TRAUMA – Heisenberg Boss Bug

It seems like this project has a life of it’s own. It stubbornly refuses to get finished. It resists with all it’s might. And it delivered an overwhelming last blow today.

I started work on the image loading system. The system I was about to replace was one of the oldest bits of code in the project. I realized I was about to take out a vital organ out of my program and replace it with a new one. The problem with that organ is that it is attached to a lot of other organs. Some attachments aren’t even obvious or logical. So by removing it, I could accidentally rip out all of the guts in the process.

And this is exactly what happened.

After a hefty rewrite the program wouldn’t load things correctly anymore. If I did manage to load a level, some of the images didn’t display properly. It would throw all sorts of errors at me. But the worst thing happened when I went into Debug Mode to figure out what the errors mean. A very nasty bug appeared. A bug I have never seen before. One that couldn’t be localized and one that only appeared in Debug Mode. Even laboriously stepping through the code line by line didn’t help. The bug wouldn’t appear if I did that. A Heisenberg Bug if you want.

I did what every reasonable person would do in such case. I panicked and flipped out. After destroying two pens and a pair of headphones I stared trying things randomly. I thought about restoring an older version of the sourcecode but that seemed futile on a second thought. I would need to re-do a lot of work. I didn’t even have a clue what the old code would be missing. With my spirit shattered I desperately continued trying out random things. I found and fixed some other nasty bugs but they didn’t seem to be the problem. After a while I discovered I was able to make some assumptions about the Heisenberg Bug after all. It seemed to have something to do with the video loading system, not with the new image loading system. And sure enough, that horrible video API was the problem yet AGAIN.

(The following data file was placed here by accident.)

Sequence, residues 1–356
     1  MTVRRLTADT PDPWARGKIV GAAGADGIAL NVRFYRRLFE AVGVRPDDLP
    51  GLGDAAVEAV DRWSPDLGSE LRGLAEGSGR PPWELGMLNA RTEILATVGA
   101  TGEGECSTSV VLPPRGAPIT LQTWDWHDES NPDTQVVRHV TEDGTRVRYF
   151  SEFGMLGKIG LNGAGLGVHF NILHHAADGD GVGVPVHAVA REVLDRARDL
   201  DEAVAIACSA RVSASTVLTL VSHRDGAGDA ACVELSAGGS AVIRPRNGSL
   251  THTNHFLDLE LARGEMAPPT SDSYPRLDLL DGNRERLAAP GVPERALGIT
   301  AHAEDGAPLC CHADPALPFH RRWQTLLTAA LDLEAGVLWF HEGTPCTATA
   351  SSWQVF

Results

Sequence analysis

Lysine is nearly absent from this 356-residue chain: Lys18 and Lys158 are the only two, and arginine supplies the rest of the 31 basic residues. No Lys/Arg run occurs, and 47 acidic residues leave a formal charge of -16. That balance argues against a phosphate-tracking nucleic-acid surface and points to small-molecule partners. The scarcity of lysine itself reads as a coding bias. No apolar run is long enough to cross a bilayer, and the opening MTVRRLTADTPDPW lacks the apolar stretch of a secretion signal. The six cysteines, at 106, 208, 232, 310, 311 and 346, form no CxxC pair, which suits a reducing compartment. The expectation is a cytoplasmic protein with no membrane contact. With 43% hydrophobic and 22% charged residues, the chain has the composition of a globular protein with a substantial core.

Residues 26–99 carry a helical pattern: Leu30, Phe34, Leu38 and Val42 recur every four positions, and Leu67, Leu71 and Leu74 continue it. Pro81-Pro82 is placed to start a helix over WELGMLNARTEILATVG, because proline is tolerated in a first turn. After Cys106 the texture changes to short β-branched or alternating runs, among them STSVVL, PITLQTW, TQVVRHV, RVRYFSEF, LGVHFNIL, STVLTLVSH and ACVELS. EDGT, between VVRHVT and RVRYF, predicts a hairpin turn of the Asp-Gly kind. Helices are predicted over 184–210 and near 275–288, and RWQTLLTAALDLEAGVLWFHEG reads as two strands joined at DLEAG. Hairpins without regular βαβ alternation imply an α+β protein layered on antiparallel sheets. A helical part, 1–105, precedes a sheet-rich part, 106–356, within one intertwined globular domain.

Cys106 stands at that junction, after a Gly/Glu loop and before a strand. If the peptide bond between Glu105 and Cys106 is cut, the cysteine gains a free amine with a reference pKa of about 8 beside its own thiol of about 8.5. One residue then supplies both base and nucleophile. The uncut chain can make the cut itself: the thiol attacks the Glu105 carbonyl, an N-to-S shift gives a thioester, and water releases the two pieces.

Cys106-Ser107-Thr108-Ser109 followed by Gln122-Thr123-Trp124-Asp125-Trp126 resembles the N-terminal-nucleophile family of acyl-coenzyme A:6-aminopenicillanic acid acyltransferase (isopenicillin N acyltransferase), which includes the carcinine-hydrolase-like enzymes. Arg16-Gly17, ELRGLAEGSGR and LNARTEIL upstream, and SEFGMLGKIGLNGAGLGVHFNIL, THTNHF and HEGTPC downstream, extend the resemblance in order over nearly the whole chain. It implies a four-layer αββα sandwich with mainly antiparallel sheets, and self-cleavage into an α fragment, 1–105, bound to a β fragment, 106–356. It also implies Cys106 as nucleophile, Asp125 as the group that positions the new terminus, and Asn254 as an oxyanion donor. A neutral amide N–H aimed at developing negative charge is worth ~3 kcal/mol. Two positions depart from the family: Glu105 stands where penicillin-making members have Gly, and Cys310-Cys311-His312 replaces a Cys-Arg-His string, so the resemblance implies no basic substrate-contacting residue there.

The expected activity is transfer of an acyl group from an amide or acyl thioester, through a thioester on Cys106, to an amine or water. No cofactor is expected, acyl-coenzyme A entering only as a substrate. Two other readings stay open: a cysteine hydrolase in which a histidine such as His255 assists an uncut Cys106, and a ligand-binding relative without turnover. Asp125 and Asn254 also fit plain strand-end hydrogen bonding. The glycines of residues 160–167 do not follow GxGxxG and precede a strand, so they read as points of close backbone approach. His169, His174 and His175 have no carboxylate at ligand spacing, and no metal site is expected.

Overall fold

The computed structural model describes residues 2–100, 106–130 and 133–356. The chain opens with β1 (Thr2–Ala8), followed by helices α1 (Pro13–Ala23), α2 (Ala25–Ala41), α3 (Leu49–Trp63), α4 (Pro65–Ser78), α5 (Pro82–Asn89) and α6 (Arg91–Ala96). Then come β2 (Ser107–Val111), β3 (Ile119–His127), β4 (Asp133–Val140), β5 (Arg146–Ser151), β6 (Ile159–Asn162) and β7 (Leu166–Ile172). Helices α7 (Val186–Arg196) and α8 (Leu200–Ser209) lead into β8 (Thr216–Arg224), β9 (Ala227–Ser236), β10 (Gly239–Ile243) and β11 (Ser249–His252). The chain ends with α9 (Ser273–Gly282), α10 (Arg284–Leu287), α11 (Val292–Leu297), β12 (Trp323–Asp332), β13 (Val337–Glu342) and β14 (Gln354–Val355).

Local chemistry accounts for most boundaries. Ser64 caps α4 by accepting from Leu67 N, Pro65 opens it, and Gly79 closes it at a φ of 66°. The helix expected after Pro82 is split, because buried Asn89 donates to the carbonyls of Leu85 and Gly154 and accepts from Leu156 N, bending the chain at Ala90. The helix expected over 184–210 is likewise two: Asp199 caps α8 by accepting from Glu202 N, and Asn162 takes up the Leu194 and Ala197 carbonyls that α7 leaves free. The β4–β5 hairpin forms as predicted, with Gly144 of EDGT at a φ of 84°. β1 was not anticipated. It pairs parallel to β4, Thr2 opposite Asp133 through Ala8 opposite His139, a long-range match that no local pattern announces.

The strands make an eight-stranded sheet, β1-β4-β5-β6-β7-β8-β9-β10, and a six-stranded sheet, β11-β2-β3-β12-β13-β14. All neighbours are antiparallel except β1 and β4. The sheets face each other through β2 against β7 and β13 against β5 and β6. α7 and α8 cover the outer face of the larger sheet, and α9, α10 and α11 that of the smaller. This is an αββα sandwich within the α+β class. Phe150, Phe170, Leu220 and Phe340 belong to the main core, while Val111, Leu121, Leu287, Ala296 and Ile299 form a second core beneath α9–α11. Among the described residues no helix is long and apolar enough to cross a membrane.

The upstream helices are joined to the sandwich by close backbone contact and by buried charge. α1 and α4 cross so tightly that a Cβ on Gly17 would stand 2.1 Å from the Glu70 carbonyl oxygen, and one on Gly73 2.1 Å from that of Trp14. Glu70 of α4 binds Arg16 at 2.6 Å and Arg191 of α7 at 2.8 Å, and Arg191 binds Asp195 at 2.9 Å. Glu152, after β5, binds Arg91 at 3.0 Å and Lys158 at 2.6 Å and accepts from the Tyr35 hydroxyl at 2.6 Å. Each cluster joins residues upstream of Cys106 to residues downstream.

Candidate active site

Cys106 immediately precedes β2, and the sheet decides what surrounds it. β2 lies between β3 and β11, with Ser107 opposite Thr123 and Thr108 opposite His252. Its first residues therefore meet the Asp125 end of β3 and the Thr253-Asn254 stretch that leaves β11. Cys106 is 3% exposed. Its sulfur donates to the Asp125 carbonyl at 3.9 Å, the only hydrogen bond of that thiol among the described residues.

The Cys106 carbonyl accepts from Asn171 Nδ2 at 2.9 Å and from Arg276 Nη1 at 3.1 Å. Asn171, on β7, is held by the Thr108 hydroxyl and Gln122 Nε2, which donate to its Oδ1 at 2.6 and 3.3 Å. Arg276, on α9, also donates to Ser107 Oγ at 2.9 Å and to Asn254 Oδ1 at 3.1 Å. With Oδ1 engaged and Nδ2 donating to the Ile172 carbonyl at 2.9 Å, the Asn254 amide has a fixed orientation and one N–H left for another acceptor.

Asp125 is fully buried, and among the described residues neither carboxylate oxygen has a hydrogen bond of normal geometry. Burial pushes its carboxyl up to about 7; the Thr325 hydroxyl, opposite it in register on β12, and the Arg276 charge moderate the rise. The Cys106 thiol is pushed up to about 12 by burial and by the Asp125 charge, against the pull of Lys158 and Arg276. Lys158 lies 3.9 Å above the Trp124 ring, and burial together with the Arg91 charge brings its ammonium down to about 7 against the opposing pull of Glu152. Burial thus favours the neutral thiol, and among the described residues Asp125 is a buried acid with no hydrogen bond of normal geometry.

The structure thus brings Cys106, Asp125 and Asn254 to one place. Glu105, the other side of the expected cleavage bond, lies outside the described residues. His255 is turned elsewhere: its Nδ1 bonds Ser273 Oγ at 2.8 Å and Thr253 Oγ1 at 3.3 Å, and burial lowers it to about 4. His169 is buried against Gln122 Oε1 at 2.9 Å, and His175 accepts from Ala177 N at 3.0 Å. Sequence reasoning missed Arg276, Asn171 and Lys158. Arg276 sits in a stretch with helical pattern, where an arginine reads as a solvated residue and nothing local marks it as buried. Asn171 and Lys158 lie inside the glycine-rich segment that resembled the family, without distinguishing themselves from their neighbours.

I don’t want to go too much into details. Basically, some information of the video arrived much later than expected, didn’t arrive at all or arrived too many times. It also arrived in a very complicated, unusual manner. I had a system in place meant to deal with the case where the same information would arrive too many times. Because of the complicated API, it created an error within the API, not my own code. The problem was tripped due to a very minor change I did some time during my work on the image loader. I decided to just completely ignore that information and to implement workarounds so the game doesn’t need it. The result was profound. All the bug were gone at once and the levels even load much more quickly now.

It truly felt like the final boss of the entire project. I’m mentally and emotionally exhausted but as of now, Trauma working off my web server. It flawlessly loads all files from it on Mac and PC. The loading times are well within my expectations too.

I will do some tweaks, set up a bare-bone beta website over Christmas and begin sending out beta invitations this Weekend. Stay tuned!

Krystian Majewski

Krystian Majewski was born in Warsaw and studied design at Köln International School of Design. Before, he was working on a mid-size console project for NEON Studios in Frankfurt. He helped establish a Master course in Game Design and Research at the Cologne Game Lab. Today he teaches Game Design at various institutions and develops independent games.

13 responses to “TRAUMA – Heisenberg Boss Bug”

  1. Colton

    Congrats on finishing.
    Bug squashing can be a great way to pull out your hair. Glad to hear that’s done.